So you’ve decided to run for office. Good for you! Municipal units of government manage the things we use on a daily basis like streets, water, sewer, utilities, and public safety services. Most local campaigns–and a good many state races–are decided on the nature and effectiveness of advertising done by the candidate. If you decide to run for one of these offices, forget the dirty tricks and media blitzes. Plan your advertising campaign based on what will get the best response and the most votes from your community.
- Plan your strategy based on your budget. Research what’s worked in past local elections. You have a choice of a number of traditional forms of advertising. Buttons, pens and other trinkets can be passed from person to person. Yard signs are a good public display. Newspaper ads, brochures and print advertising can be very effective, especially immediately before the election. Websites have emerged as an economical way to reach those who are computer literate.
- Distribute personal promotional items like buttons, pins, pens, and pencils. Concentrate on items that people use in front of other people. Any premium house or web-based sales service (check the ones who cater to schools and teachers) can arrange for personalized promotional items. Keep any copy (the message written on the item) simple and large enough to see from a few feet away. Use a simple color scheme–variations of red, white and blue prepare observers for a political message.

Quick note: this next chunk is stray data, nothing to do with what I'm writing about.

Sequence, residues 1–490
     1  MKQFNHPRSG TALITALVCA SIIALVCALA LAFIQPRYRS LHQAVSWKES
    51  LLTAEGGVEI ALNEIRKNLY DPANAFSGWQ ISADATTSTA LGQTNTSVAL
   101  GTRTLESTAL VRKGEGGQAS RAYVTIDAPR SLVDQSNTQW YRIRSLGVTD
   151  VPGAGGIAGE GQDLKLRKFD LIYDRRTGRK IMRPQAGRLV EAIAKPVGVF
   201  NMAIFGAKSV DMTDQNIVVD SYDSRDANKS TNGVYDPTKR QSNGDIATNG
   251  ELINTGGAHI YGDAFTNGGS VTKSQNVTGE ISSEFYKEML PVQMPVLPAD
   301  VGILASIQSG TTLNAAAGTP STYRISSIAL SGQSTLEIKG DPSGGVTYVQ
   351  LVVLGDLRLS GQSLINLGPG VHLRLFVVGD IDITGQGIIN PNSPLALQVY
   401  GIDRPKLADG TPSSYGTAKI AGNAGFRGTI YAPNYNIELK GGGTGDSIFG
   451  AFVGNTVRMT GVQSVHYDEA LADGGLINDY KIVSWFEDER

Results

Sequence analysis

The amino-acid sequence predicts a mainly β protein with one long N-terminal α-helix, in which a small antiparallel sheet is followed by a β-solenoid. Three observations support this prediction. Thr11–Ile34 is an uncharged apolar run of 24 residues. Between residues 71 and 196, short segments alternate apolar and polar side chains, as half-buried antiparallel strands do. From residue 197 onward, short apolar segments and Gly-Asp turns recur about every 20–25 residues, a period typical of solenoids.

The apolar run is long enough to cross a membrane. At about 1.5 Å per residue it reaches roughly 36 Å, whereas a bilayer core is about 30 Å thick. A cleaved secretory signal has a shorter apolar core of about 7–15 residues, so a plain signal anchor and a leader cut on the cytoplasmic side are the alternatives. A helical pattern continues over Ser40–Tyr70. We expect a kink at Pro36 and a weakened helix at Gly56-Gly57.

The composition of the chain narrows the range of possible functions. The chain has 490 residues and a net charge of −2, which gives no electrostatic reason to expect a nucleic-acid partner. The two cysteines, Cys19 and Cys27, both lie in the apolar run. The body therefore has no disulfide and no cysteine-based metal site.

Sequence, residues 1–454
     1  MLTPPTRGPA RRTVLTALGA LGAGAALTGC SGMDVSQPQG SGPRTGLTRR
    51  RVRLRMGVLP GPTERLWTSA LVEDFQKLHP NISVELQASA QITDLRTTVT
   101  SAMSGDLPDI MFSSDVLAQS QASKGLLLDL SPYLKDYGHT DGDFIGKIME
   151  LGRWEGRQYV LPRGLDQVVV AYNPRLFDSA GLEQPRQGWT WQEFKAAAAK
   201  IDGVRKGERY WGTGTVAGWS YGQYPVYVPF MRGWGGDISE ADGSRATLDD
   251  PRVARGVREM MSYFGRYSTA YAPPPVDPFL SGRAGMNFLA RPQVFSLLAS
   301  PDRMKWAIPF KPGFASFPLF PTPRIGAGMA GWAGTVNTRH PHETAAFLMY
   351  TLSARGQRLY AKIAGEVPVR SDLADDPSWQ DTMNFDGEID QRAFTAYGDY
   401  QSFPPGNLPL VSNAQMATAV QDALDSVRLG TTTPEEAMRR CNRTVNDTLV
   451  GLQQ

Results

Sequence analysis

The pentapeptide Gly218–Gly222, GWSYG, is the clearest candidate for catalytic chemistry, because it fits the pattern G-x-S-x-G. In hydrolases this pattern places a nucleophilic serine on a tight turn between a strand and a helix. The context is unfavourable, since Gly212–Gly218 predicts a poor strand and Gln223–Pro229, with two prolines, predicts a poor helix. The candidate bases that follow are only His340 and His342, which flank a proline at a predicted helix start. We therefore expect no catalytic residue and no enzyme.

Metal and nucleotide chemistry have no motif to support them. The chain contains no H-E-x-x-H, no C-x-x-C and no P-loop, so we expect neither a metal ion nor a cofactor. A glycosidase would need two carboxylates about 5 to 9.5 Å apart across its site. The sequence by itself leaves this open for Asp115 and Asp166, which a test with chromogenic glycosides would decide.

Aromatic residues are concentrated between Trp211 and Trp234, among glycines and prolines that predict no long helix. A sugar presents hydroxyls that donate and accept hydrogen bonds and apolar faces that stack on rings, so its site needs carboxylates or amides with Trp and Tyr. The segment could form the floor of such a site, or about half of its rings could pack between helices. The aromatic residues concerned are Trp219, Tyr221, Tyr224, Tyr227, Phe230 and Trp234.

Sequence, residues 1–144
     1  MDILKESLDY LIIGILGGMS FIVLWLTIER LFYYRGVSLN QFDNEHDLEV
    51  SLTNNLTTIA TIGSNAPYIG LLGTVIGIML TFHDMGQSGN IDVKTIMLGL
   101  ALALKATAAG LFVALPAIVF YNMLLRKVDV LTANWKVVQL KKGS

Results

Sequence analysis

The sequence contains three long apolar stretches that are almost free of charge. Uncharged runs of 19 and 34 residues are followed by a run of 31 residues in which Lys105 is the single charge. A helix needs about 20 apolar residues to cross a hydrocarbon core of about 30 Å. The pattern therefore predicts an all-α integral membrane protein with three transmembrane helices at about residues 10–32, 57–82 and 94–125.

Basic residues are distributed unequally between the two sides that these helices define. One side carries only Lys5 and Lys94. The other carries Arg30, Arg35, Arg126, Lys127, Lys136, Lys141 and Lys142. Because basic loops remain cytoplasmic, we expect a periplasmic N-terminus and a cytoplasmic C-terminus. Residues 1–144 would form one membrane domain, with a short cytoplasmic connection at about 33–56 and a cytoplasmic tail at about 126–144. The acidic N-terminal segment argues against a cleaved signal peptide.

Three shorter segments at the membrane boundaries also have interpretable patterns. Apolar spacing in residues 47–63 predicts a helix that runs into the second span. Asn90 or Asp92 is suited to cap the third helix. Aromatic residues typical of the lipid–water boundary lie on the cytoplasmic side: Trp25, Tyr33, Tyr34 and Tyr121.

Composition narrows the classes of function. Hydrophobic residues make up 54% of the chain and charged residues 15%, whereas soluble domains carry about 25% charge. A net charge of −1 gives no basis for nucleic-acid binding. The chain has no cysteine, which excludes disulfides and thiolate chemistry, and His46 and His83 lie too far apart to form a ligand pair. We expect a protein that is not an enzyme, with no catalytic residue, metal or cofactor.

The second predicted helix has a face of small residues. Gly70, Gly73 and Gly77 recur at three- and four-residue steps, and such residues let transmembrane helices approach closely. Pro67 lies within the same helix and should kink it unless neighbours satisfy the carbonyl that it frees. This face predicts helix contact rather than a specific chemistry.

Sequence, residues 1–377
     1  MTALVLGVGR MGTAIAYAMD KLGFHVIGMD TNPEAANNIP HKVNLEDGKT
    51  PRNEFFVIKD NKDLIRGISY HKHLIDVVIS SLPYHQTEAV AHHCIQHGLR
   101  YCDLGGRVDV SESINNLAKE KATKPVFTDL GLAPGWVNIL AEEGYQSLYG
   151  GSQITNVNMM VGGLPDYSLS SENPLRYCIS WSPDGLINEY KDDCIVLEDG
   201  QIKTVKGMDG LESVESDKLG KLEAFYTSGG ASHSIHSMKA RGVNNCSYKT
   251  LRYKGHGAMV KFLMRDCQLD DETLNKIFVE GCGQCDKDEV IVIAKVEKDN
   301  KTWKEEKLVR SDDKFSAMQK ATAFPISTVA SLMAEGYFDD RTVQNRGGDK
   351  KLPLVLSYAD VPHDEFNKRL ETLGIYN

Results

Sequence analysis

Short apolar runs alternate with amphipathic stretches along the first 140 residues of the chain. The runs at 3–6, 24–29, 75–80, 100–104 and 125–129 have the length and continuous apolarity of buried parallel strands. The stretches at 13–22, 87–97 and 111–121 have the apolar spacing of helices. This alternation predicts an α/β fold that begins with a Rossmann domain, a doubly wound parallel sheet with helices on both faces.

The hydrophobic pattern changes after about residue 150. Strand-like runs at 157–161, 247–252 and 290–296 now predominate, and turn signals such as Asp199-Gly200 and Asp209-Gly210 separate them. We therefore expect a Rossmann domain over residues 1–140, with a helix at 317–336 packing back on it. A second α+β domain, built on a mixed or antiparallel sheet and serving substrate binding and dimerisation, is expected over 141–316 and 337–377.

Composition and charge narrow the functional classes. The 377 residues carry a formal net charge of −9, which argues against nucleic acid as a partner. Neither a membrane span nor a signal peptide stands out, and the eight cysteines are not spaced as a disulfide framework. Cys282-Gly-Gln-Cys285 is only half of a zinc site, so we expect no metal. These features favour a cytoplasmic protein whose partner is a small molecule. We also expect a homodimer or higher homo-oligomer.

- Print and distribute yard signs as early as possible. Design simple signs with bright, “patriotic” colors. Don’t bother with little flags or pictures. Save any policy discussions for your brochure.
- Design and print brochures. These are best distributed person-to-person. Your county clerk may have listings of registered voters available for you to purchase. Use these as your basic contact list or as a mailing list. If you do buy a voter list, be sure to add any contacts you make along the way.
- Save print ads for your finale. Plan their date of publication well along in the campaign. The ads should act as a reminder or reinforcement rather than an introduction.
- Create a website. Like newspapers, they reach a specific audience. People who use the computer to get news and political information will check out your website. Local campaigns are using web pages to present basic ideas, biographical information and pictures of the candidates–and to solicit money, volunteers and votes.